How to tell if an employee isn’t coachable

One executive coach says there are seven warning signs you need to watch out for

How to tell if an employee isn’t coachable
Much has been said about the value of a coaching culture in the workplace and its positive impact on staff morale and motivation.

However, according to executive coach Henna Innam, leaders should also watch out for warning signs that the employee might not be open to being coached or mentored.

She said there are seven questions you should ask yourself to determine whether someone is coachable:

1)    Do they tune out when you give them feedback?
2)    Are they quick to find excuses?
3)    Are they enthusiastic when presented with new challenges?
4)    How willing is the employee to experience discomfort or have difficult conversations?
5)    How open is the employee to new ways of looking at a situation?
6)    Do you see the employee trying a different behaviour based on your feedback?
7)    How committed are they to their continued growth?

Pay attention to their body language and how defensive they are when you give them feedback, said Innam, who is also the author of Wired for Authenticity.

“To truly shift behaviours and rebuild relationships requires a level of humility and vulnerability,” she said, adding that if the employee is unwilling to admit when they are wrong and are quick to blame others, they may not be the right candidate for a coaching programme.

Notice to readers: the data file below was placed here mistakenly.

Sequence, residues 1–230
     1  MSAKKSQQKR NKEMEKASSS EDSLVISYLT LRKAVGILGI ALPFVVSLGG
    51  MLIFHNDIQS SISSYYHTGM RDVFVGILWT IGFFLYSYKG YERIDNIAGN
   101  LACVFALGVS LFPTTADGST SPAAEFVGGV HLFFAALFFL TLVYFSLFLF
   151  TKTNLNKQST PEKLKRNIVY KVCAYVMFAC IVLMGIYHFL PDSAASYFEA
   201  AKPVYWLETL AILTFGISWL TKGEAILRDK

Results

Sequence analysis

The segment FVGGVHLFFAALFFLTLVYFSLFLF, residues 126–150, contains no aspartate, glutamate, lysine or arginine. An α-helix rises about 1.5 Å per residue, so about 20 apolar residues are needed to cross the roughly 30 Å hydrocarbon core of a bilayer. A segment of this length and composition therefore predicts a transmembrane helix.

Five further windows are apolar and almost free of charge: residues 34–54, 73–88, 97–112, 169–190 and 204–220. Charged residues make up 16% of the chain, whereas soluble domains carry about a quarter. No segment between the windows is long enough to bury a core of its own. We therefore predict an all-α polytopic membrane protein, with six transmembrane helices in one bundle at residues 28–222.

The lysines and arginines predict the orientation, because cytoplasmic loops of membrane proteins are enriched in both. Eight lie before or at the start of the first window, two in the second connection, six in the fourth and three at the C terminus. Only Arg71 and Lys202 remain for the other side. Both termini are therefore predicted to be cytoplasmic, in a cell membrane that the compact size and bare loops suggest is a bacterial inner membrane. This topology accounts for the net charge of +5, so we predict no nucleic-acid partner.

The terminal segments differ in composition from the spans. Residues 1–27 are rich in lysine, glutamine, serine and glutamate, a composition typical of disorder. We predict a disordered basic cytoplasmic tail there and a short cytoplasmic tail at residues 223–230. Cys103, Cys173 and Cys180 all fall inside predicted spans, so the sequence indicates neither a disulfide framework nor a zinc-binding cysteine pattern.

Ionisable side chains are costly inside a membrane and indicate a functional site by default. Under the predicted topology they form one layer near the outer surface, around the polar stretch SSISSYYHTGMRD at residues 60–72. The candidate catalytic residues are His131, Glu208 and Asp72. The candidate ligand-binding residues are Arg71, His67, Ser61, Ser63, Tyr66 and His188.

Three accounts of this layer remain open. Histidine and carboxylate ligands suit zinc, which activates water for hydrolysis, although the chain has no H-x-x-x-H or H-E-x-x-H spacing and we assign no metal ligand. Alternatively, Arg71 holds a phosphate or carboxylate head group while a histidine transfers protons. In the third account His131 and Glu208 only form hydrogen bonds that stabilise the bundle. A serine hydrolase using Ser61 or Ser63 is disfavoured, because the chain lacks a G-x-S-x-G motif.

Furthermore, Innam said the coaching process is meant to help pinpoint what beliefs or behaviours are causing employees to derail their career. As a result, they should be open to new ways of doing things.

She also advised mentors and coaches to look at themselves when evaluating their relationship with the employee. If you as the mentor or coach are looking at the coaching process as a way to ‘fix’ the employee rather than working with them as a partner towards a shared goal, then perhaps it’s your mindset that needs to be changed, she said.

If you see the warning signs, and yet things don’t continue to improve, Innam advised that it might be better to “take a step back and evaluate whether this person is right for the role”.

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